Saturday, June 13, 2009

Vegan Enchiladas and Dessert

We ate at the infamous Chicago Diner Friday night, but didn't get any pictures in the small, loud, neon-lit dining area. The menu emphasizes tofu and seitan versions of meat dishes, with plenty of wings, burgers, and country-fried steak.

The sauce on my chorizo enchiladas was deliciously spicy, overwhelming the flavor of the crumbled seitan sausage. The black beans and rice on the side were filling but bland, and tasted a bit like canned tomatoes. I took the opportunity to try vegan sour cream and Teese, the Chicago-made vegan cheese bloggers are raving about. The sour cream was a convincing facsimile, but sour cream was never anything to get excited about in the first place. The Teese melted in the oven, but re-solidified on the plate, and the plastic flavor took me back to chewing on Barbie's feet in the bathtub.

I would order the enchiladas again, but skip the cheese entirely. I'm a carbohydrates girl, so I'm not pining for cheese. If grains had feelings, though, I'd have a hard time.

The carrot cake and variety of cheesecakes looked heavenly, but I had no room left for dessert so I took a chocolate chip cookie home. It was fluffy but bland, not as good as the Vegan with a Vengeancebatch at home.

I'd love to visit Chicago Diner again and try other dishes. Everything on the vegetarian menu can be made vegan, so four chickpeas.

It's not quite time for strawberries in Maine, but there were plenty of fresh Michigan-grown berries at Thursday's Daley Plaza farmers' market. I bought two pints and ate them with Vanilla Coconut Bliss, the softest, creamiest, best store-bought vegan ice cream I've tasted.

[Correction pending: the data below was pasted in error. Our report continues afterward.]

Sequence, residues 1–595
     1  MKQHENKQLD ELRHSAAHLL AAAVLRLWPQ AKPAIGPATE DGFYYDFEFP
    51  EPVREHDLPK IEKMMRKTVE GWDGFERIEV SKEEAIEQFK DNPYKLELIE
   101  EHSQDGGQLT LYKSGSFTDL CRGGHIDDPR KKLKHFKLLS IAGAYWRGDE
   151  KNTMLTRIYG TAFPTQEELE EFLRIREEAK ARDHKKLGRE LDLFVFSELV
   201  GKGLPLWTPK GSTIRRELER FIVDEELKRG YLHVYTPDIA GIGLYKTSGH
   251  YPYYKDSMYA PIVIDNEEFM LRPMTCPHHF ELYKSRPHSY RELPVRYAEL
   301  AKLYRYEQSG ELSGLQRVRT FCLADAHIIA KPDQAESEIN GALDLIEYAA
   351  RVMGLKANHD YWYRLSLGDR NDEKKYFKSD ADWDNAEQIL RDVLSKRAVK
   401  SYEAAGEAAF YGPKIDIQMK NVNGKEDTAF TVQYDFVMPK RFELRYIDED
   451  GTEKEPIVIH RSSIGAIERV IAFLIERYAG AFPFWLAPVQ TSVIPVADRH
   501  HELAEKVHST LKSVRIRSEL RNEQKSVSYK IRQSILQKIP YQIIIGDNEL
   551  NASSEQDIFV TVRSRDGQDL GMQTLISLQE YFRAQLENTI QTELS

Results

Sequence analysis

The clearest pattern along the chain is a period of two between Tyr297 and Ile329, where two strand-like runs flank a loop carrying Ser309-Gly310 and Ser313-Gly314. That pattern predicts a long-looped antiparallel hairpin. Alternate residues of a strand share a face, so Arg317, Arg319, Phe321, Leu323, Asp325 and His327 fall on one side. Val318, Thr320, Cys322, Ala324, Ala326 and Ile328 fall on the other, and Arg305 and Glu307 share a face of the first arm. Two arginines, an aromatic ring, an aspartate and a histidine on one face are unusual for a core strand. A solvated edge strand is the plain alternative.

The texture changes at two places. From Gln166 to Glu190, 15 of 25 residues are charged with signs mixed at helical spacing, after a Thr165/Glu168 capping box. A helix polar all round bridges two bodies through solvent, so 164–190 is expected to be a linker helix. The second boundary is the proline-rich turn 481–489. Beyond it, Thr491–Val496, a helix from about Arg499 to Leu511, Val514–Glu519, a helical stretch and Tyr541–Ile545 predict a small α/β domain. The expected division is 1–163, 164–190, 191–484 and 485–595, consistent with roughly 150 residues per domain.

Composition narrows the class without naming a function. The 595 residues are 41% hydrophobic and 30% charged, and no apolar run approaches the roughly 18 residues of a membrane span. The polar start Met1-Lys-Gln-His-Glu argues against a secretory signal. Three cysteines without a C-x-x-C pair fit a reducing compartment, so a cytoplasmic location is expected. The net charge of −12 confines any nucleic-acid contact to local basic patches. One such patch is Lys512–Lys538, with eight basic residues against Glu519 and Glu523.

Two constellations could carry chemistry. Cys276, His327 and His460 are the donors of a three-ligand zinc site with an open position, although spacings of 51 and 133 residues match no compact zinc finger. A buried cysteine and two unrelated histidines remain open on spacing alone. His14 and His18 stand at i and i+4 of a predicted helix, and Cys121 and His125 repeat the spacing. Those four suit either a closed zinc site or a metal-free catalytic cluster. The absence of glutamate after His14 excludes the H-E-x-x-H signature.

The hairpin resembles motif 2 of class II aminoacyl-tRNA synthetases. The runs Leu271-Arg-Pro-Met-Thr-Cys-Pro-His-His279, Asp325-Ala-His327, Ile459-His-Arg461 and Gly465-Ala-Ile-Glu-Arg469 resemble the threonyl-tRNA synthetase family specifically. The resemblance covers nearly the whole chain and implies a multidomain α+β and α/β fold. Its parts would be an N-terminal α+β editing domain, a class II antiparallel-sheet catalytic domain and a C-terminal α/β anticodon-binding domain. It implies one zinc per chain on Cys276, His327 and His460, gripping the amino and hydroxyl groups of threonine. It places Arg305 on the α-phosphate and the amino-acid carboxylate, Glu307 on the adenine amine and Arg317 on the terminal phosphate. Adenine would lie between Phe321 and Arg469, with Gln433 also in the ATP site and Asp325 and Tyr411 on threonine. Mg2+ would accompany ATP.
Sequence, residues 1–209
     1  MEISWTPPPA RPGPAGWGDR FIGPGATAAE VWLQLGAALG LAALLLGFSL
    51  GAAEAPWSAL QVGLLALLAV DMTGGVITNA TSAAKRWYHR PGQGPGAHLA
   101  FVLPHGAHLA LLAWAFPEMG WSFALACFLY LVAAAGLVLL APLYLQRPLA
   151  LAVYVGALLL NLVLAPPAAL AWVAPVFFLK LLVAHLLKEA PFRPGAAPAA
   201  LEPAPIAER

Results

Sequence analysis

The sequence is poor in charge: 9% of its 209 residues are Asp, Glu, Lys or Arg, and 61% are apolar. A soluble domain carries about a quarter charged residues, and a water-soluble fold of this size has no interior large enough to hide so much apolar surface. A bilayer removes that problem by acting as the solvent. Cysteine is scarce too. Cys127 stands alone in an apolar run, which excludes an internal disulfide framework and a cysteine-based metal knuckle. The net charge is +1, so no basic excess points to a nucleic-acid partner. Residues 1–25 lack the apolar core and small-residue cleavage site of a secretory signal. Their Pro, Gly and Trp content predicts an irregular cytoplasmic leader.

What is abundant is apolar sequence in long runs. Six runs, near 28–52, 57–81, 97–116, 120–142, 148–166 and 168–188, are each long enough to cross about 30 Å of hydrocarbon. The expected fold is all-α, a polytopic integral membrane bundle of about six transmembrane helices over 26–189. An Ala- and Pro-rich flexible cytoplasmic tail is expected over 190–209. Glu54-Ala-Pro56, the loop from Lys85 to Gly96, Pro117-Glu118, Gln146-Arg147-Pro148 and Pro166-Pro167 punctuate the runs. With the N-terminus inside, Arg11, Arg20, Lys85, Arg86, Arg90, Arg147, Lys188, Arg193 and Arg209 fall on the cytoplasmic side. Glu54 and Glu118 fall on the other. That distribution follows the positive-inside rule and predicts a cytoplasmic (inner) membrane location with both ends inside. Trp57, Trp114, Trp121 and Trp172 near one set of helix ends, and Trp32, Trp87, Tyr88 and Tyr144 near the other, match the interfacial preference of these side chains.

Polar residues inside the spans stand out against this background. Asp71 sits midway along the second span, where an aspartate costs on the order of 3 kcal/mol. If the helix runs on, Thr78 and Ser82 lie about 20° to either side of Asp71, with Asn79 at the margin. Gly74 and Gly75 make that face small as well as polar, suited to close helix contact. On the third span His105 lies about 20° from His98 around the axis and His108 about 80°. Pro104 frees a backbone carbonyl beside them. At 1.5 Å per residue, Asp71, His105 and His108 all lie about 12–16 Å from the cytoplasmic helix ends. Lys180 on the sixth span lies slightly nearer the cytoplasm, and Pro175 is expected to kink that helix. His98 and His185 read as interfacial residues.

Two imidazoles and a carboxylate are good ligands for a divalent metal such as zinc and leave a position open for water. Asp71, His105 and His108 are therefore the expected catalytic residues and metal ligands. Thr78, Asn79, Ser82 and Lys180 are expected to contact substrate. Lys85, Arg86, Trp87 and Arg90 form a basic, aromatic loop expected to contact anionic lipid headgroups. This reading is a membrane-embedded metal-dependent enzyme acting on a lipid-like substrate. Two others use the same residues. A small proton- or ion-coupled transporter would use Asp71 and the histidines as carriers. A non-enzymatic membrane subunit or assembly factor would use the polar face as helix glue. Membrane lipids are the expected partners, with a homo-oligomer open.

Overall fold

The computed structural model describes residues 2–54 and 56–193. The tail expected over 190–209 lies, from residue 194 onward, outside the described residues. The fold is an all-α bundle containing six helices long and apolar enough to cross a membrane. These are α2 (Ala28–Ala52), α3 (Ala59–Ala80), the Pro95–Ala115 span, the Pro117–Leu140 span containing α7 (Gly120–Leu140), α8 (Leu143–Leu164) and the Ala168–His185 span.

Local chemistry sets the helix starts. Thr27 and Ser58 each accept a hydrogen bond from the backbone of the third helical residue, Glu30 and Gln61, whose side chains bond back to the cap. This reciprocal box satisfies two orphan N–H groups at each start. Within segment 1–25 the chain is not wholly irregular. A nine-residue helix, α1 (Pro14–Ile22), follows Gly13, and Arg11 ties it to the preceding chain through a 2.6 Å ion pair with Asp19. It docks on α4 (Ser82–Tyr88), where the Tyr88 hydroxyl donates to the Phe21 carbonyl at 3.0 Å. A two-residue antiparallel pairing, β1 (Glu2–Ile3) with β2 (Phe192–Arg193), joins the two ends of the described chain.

Bleeding Heart Bakery was there, too, so I picked up a chocolate chip cookie, banana fudge brownie, and a little something for my cupcake-loving hostess. The soft cookie was perfectly golden and sweet, but man, they weren't kidding about the banana in the brownie.

More soon from Chicago!

Thursday, June 11, 2009

Visiting Chicago

I'm staying with friends in Chicago this week, left to my own devices while my husband attends a conference. Aside from weather delays and a strange toddler in the boarding area who licked my leg, the trip from Maine was uneventful.

I love the challenge of orienting myself in a new city, building a mental map of its layout and public transit, noticing how the people move. I've heard Chicago is a great place to be vegan, but all I can report on so far is this soy chai. We're keeping it frugal for now, cooking portobellos and pea shoots at home until this weekend when we'll check out The Chicago Diner.

I spent yesterday walking Chicago's tourist route, from the top of the Hancock building and down the shopping streets to Millenium Park, where visitors use the reflective Cloud Gate sculpture (known as "the bean," though it's shaped more like a red blood cell) to photograph themselves taking a photograph.

Back in Maine, there's plenty of room and plenty of time for everyone to get where they're going. When I lived the city, I had to learn the unspoken rules of urban pedestrian life: walk quickly and decisively, stay out of the way, and do not look at anyone directly. Traveling up Michigan Avenue during rush hour felt like a fast, precise game of pinball, the steel marble dodging to avoid opening doors, weaving around strollers, perfectly timing a jump between oncoming taxis. I cursed the oblivious lumps who stopped to talk in the middle of the sidewalk, halting my progress. I've learned how to go about my business without interrupting the flow of the crowd. I glance around at the swiftly moving feet and think, I am in this club. Do I belong in the city?